Wesleyan’s class of 2020 Service Scholar graduates contribute over 11,400 hours of service
BUCKHANNON — Community service has been a priority for a group of 21 seniors who recently graduated from West Virginia Wesleyan College. The students were part of the Wesleyan Service Scholar program on campus, where students completed 75 hours of service per semester throughout their college experience. Collectively, this group contributed over 11,400 hours of service, which at minimum wage is over $99,790 of value added to the community.
Many students worked with children in the Upshur County school system as their primary site placement. Johnnie-Jo Hovis, a business administration major from Buckhannon, invested her time at Buckhannon Upshur Middle School, working in Mrs. Plymale’s eighth-grade special education class and the Project ISAAC after-school program. Summer Propps, from Lewisburg, dedicated her time to Mrs. Drake’s class at Tennerton Elementary School where her passion for students with special needs aligned with her health sciences major. Mrs. McNeish at Buckhannon-Academy Elementary School (BAES) served as a site supervisor for Khori Lowther from Jane Lew. As a nursing major, Lowther was able to enhance the classroom environment through her understanding of the developmental process. Kayla James, of Bunker Hill, capped out her experience at Buckhannon Academy Elementary School after time in WE LEAD and tutoring at Stockert Youth Center. As a psychology major, working with Mrs. Coit-Fetty, the school counselor, was a perfect fit. Monica Miller shared her kindness with Mrs. Tenney’s fourth-grade class at Union Elementary School. Supporting students and developing relationships is second nature to this nursing major from Grafton. Stephanie Johnson modified her service site from a classroom at BAES to start a Girl Scout troop at the school. She was able to connect to her home community of Buckhannon and utilize her education degree and Girl Scout background to develop this new community partnership. Throughout their experiences, “watching students blossom” continues to take the lead as a favorite memory.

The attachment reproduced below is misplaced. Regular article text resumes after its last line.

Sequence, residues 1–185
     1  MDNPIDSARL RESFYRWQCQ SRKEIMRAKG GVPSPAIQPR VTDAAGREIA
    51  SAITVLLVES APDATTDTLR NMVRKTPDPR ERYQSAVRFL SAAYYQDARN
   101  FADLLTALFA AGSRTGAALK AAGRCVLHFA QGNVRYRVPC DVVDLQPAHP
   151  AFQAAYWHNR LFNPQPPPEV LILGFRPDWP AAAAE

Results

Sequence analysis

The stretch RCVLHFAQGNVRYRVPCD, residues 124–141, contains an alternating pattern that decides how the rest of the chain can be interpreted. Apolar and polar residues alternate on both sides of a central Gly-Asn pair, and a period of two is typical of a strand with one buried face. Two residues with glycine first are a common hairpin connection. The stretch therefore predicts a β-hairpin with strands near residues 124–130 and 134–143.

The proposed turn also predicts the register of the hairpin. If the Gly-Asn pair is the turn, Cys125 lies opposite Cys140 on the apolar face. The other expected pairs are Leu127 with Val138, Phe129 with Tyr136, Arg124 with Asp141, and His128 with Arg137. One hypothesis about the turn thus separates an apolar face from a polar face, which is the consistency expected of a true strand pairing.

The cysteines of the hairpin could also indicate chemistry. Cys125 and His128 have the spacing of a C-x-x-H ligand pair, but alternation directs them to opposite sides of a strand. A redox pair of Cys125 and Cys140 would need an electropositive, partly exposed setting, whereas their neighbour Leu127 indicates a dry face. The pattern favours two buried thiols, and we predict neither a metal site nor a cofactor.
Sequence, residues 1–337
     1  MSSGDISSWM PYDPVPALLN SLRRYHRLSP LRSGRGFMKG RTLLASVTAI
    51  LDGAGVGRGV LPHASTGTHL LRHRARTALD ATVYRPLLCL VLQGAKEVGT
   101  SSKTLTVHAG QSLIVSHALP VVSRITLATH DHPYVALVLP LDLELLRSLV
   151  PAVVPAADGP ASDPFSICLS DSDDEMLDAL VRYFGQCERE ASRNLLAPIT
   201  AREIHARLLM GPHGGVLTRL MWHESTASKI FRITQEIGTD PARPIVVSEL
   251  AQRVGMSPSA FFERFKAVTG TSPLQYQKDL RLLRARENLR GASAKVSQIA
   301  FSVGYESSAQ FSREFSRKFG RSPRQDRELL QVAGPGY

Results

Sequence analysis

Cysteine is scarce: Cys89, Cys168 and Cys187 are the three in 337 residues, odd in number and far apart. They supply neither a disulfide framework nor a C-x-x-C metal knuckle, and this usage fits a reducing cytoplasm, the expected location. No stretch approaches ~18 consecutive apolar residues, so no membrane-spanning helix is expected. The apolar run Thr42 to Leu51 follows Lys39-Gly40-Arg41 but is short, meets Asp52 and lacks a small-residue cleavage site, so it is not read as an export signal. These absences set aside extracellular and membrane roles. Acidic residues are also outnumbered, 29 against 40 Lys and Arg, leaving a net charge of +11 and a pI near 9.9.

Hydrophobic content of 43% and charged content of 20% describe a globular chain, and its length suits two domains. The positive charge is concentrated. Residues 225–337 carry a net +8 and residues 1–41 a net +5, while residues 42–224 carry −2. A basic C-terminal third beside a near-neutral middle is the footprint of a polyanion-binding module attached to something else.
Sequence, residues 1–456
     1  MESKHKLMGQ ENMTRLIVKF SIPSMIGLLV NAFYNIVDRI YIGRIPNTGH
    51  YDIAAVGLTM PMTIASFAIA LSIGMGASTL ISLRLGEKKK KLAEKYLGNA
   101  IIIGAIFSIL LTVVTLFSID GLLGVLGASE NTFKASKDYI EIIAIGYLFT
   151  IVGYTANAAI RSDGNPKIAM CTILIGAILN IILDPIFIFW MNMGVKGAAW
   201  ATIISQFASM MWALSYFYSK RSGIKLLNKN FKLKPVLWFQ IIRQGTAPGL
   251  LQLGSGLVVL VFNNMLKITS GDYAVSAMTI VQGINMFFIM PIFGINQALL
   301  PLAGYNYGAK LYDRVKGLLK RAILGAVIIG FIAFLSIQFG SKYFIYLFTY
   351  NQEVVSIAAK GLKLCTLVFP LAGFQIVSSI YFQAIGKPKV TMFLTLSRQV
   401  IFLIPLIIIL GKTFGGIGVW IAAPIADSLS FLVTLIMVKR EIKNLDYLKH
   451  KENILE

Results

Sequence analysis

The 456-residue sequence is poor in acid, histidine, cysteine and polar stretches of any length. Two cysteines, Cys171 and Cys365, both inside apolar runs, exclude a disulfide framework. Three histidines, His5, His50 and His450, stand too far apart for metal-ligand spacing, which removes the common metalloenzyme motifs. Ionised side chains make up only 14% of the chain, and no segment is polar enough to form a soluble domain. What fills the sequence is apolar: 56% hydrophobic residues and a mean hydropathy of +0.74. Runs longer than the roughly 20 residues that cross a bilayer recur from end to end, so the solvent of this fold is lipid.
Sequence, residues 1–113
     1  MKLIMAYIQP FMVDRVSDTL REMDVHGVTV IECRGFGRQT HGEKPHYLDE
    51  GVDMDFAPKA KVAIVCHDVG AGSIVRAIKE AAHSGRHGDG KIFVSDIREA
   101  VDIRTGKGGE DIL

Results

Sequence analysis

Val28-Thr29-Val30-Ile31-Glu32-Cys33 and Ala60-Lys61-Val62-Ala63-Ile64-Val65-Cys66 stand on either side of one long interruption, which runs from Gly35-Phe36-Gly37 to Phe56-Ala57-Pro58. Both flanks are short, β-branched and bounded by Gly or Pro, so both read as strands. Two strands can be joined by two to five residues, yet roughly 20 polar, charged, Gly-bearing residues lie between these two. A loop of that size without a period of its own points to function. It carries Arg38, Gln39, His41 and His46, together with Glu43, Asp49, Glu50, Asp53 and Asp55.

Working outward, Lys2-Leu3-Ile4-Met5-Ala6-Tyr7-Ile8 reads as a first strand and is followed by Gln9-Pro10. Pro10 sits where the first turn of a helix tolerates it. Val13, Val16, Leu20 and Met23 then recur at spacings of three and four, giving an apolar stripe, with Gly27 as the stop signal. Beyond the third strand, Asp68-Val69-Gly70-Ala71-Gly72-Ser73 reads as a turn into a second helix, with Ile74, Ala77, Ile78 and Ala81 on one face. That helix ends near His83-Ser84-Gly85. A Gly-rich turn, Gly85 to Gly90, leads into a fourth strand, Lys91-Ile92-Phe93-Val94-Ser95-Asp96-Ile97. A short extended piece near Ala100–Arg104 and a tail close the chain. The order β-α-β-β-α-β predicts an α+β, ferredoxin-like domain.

Students had the option to serve at the Child Development Center (CDC) of North Central West Virginia or Mountain Cap of WV’s Creative Beginnings Child Care Center as their site placement. Serving at Creative Beginnings Child Care Center were Kylea Arnold, Miranda Farmer, and Anna Slayden. Arnold shaped her experience in the infant and toddler room. Watching the children grow from infancy through preschool was a warming feeling, and one she will continue to experience as an educator in her hometown, Weston. While Farmer of Looneyville pursued her psychology degree, she excelled in her one-on-one interactions with students in early childhood education. A scholar from Martinsburg, Slayden’s time at the care center built onto her biology degree in preparation for her dream to become a physician’s assistant. Bay Shaver, a sociology major from Monongah, indulged in her love for children in various classrooms at the CDC. It seems fitting that each of these scholars supplemented their Wesleyan experience by molding the minds of children while developing themselves.